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Sobriety and the Holidays: How To Be Prepared

December 21, 2021

For someone with a substance use disorder, maintaining sobriety can be a challenge any day, but the holiday season brims with temptation. Being prepared is the key to successfully sail into a sober new year.

“Holiday celebrations mean family, friends, festivities and often alcohol, or other mind-altering substances,” said Dr. J. Craig Allen, vice president of addictions for Hartford HealthCare and medical director of Rushford, part of the system’s Behavioral Health Network. “With 21 million Americans struggling with substance use disorders, creating an environment where people can have fun and feel comfortable even when abstaining is important.”

“For most of us, the Hallmark holiday isn’t our reality,” he said. “Family feuds, overcrowded stores, last minute to-do lists can seem overwhelming. The pressure to be having a wonderful time can be stressful in itself.”

Everyone, Dr. Allen went on, can benefit from healthy coping strategies. For someone in early recovery, increased stressors can kindle the parts of the brain that can drive drug seeking behavior and a return to use.

If you love someone who struggles with alcohol or other substance use disorders, he said you can help pave the way through the holidays by being mindful of triggers and helping the person make healthy choices.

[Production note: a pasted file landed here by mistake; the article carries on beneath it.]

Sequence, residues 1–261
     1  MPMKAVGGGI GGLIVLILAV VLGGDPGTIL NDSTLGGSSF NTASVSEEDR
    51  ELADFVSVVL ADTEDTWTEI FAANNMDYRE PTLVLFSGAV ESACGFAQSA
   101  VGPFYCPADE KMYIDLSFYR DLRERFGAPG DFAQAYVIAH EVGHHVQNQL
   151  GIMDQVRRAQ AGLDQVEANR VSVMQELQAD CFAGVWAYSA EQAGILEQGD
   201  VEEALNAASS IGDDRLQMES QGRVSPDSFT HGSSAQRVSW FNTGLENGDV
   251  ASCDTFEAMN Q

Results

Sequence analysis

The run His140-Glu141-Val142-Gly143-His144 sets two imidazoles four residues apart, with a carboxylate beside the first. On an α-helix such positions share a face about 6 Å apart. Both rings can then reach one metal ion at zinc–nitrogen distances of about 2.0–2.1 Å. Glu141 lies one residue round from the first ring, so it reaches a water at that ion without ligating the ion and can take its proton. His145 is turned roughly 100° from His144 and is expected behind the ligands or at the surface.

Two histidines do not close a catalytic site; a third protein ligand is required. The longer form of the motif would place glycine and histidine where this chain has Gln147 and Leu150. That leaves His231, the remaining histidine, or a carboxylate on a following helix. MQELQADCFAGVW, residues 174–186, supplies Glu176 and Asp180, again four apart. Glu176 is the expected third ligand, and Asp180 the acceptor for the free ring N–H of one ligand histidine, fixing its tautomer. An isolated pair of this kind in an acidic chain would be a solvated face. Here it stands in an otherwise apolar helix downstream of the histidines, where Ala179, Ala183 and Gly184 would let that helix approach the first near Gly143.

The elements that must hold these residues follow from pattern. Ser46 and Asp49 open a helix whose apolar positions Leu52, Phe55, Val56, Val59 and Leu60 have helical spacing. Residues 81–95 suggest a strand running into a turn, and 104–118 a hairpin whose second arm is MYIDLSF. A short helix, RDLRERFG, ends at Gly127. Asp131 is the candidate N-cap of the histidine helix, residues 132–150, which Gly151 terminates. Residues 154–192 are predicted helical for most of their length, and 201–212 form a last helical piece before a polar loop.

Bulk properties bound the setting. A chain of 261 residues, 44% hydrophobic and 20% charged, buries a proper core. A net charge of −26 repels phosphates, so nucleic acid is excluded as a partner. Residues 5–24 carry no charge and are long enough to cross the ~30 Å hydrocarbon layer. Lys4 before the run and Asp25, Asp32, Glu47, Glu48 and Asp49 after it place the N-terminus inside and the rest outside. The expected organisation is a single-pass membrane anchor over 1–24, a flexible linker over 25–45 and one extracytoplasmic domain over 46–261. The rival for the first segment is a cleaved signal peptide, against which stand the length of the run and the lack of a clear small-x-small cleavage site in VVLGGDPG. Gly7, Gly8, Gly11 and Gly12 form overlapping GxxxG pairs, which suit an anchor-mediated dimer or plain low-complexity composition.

This can include:

  • Giving someone an out. Develop a plan of action for what to do if the environment starts to feel “unsafe.” Having someone to partner with who understands the stress and can be supportive such as being prepared to leave together.  Knowing someone is there can help lessen the anxiety.
  • Pay attention. Be aware of and try to avoid overt or even subtle messaging that encourages drinking such as “What’s that in your glass?” or “Another cup of holiday cheer?”
  • Focus on the socializing, not the substances. Try hosting a social event that doesn’t include or emphasize alcohol. Be creative. Get people together for a wintery hike or create a holiday lights scavenger hunt.
  • Schedule small group time. Suggest a spin class or coffee to create a low-key time in the middle of a stressful season.
  • Be inclusive. Someone striving to maintain recovery benefits from camaraderie, friendship and activities, so change the atmosphere not the guest list.

“If you know someone with a substance use disorder, take the time to reach out this season. Check in. It’s the best gift you can give,” Dr. Allen said.